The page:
Using Satellites to Track Rift Valley Fever
National Aeronautics and
Goddard Space Flight Center
Rift Valley Fever (RVF), at least in the African country of Kenya, has been well known for over 60 years. As early as 1913, a disease fitting the description of RVF was blamed for the loss of sheep in the Rift Valley in Kenya. However, it was not until scientists studied an outbreak of the disease in 1931 that a virus was isolated and shown to cause the disease. Since that time, major outbreaks of RVF have been noted throughout sub-Saharan Africa, with occasional outbreaks noted in other parts of the Africa continent. For example, in Egypt, several hundred people were infected and thousands died from RVF during a violent epidemic of this disease in 1977-78.
Africa's Great Rift Valley is a 6,000-mile crack (fissure) in the Earth's crust, stretching from Lebanon to Mozambique. One of its most dramatic sections slices through East Africa, dividing Kenya into two segments. Geologists know that the Rift Valley was formed by violent subterranean forces that tore apart the Earth's crust. These forces caused huge chunks of the crust to sink between parallel fault lines and force up molten rock in volcanic eruptions. Evidence that this process, called rifting is still in progress comes from the many active and semi-active volcanoes located along the rift. Evidence of volcanic activity along the rift is provided by the presence of numerous boiling hot springs.
The RVF virus was first isolated in 1931 from the blood of a newborn lamb and later from the blood of sheep and cattle. Then, as a result of the correlation of a series of events in the 1930s, one of the carriers for the virus was found to be the mosquito. In July 1930, Kenya was hit with very heavy rains that substantially increased the wetlands where mosquitoes bred. At the same time, occurrences of the disease increased. Those studying the disease made the connection between increased rains, wetlands, mosquitoes, and disease, and were eventually able to identify the virus associated with the disease. The RVF virus was isolated from mosquitoes belonging to several genera (Aedes, Culex, Mansonia, Anopheles, and Eretmapodites).
Using data from Earth-orbiting environmental satellites that simultaneously measure ocean temperature and vegetation conditions, scientists have discovered that the combination of warmer-than-normal equatorial Pacific Ocean temperatures associated with El Niño and rising sea-surface temperatures in the western equatorial Indian Ocean increase rainfall over a large area of eastern Africa, leading to a dramatic green-up of vegetation. This February 1998 image illustrates the close relationship between ocean temperature (warmer-than-normal ocean temperatures are shown in red, cooler-than-normal temperatures in blue), rainfall, and their impacts on land vegetation (greener-than-normal vegetation shown in light green). By closely monitoring the vegetation in the region affected by the increased rainfall, scientists can identify likely habitats for the mosquitoes that carry the RVF virus, and provide advance warning of large-scale outbreaks of the disease.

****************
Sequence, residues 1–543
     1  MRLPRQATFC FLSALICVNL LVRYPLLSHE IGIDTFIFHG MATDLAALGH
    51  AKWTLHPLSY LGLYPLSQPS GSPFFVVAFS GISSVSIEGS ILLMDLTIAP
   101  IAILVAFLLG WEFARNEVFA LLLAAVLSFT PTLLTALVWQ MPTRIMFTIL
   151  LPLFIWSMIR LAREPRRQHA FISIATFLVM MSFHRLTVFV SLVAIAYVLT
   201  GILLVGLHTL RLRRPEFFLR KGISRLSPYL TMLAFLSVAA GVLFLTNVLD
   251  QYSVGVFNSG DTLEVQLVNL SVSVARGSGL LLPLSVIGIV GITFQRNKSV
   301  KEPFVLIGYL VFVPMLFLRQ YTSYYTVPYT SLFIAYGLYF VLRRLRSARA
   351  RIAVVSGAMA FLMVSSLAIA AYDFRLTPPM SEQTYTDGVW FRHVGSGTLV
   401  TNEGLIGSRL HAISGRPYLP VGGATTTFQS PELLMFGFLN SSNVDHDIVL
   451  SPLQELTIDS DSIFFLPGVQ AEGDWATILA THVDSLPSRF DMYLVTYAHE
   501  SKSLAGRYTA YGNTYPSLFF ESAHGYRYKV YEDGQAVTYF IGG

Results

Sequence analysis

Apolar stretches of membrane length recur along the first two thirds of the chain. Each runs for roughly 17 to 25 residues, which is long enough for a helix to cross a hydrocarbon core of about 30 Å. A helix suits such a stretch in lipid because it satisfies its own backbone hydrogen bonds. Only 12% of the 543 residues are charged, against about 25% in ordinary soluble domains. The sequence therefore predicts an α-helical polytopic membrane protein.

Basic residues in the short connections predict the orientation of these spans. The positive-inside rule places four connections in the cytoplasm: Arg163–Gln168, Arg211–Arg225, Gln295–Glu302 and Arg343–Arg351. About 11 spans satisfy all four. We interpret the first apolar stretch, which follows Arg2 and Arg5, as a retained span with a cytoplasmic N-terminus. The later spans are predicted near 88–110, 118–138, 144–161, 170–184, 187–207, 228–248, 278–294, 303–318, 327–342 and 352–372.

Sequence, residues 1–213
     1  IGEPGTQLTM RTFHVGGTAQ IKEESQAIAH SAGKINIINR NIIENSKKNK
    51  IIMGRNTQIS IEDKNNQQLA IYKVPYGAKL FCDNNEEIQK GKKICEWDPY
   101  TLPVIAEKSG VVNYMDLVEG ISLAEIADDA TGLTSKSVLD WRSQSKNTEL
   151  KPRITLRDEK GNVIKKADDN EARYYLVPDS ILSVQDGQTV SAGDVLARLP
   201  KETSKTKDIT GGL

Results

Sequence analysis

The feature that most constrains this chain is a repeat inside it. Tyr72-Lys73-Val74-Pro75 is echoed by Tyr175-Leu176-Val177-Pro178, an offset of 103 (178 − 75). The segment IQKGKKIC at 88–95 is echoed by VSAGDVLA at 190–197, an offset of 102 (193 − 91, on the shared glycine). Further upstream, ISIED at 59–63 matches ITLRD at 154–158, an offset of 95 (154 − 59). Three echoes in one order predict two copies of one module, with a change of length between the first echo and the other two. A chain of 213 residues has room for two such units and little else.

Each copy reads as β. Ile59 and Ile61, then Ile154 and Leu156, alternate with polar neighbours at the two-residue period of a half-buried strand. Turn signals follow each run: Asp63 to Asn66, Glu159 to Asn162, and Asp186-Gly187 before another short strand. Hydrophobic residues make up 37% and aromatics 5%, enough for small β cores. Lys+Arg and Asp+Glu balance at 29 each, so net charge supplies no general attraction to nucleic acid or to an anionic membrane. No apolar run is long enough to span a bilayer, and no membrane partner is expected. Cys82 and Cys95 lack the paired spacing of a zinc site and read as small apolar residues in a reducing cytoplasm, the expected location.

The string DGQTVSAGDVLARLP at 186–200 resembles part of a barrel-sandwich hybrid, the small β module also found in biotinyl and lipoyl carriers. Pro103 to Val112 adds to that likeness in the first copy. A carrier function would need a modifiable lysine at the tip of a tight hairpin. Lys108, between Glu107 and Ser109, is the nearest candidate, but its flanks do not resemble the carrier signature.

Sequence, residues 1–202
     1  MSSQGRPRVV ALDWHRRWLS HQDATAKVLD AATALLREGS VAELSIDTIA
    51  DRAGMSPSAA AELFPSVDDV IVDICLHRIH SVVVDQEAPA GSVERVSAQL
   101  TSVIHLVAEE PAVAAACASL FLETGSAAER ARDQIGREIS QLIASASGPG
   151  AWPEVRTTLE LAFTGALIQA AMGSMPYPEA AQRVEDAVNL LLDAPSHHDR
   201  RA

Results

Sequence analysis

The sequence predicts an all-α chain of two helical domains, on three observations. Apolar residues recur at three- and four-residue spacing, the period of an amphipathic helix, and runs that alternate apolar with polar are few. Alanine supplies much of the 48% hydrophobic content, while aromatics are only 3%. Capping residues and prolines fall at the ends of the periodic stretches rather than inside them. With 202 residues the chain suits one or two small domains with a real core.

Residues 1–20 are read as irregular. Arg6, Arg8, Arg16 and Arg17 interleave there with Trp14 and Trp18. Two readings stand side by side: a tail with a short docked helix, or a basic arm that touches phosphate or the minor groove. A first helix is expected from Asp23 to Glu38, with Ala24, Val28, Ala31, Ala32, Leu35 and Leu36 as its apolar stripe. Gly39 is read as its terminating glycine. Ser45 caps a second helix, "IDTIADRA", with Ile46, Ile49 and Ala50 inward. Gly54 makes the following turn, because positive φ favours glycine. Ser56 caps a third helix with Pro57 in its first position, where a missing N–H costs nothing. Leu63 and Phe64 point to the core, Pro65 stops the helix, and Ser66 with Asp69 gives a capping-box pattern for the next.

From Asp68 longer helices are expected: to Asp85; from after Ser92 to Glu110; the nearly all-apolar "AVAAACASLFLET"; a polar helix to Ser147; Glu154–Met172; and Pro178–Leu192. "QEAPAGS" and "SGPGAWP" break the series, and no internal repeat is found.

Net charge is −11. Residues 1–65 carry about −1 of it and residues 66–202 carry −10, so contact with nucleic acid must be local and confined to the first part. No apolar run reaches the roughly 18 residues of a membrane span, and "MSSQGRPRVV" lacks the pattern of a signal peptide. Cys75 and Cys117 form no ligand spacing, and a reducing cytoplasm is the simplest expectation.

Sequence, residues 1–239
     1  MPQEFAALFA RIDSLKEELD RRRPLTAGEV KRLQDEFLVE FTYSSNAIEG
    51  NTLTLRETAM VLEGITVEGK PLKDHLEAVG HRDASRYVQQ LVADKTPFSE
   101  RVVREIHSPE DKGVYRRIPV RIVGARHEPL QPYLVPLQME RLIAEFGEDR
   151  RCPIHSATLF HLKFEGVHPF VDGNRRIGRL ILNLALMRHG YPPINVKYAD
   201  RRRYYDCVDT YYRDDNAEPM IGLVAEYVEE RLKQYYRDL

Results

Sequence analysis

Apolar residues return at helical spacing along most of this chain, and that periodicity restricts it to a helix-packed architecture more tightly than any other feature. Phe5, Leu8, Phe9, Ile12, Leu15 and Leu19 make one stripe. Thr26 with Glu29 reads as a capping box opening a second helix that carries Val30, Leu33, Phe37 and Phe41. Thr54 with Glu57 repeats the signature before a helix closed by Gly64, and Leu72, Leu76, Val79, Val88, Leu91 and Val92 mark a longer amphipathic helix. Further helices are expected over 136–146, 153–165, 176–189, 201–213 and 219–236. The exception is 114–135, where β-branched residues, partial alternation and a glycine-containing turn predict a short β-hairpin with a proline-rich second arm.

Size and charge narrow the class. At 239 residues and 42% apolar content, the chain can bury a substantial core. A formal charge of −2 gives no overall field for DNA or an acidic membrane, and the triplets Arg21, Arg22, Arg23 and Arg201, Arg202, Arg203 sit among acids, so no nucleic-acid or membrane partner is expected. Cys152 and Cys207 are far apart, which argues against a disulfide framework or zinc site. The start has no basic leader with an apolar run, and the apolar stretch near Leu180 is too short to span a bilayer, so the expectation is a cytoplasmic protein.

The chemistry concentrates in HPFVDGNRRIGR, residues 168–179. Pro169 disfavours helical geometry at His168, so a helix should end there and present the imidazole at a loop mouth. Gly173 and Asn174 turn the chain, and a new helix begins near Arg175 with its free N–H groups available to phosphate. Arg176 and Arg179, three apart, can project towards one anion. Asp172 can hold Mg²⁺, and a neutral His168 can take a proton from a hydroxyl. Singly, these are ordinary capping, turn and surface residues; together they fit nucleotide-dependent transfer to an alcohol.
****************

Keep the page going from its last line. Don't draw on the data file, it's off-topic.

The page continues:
Between October 1997 and January 1998, heavy rains drenched eastern Kenya and southern Somalia, which led to an outbreak of RVF that killed many cattle and eventually spread to the local human population. The World Health Organization estimated a total of 200-250 deaths and 89,000 cases in southern Somalia and northeastern Kenya, one of the largest outbreaks in history.
Much is still being learned about RVF and scientists have expanded their theories about how the disease spreads. Besides transmission by mosquitoes, it is believed that animals spread the virus directly to other animals, that humans spread it directly to each other. It is believed that all three transmission modes operate during a major outbreak of this potentially lethal disease.
Scientists believe that the virus is also “maintained” between outbreaks by two possible means: (1) by drought-resistant mosquito eggs that can lie dormant for years waiting for adequate moisture in which to mature and (2) a “wild reservoir,” i.e., the virus survives at a nonfatal, low-level of infection in some animal species. These animals maintain enough viral particles to cause major outbreaks.
NASA research into the El Niño phenomena and the subsequent study of RVF are part of NASA's Earth Science Enterprise, Washington, DC, dedicated to the long-term study of how human-induced and natural changes affect the global environmental system.
Goddard Space Flight Center Public Affairs
NASA's Classroom of the Future – Rift Valley Fever
Linthicum, K.J., A. Anyamba, C.J. Tucker, P.W. Kelley, M.F. Meyers, C. J. Peters, 1999: Climate and Satellite Indicators to Forecast Rift Valley Fever Epidemics in Kenya, Science, 285, pp. 397-400.
This image represents monthly average sea-surface temperature and Normalized Difference Vegetation Index (NDVI)* data for February 1998. The data were received from the Advanced Very High Resolution Radiometer (AVHRR), an instrument onboard many of the National Oceanic and Atmospheric Administration's (NOAA) polar-orbiting weather satellites. Over the oceans, the red areas indicate above-normal sea-surface temperatures and the blue areas indicate below-normal sea surface temperatures. On the African continent, green areas indicated high NDVI values.
* The NDVI is a complex ratio of surface reflectance in the red and near-infrared portions of the electromagnetic spectrum that quantifies the “greenness” of vegetated areas. The higher the NDVI, the more “green” a vegetated area.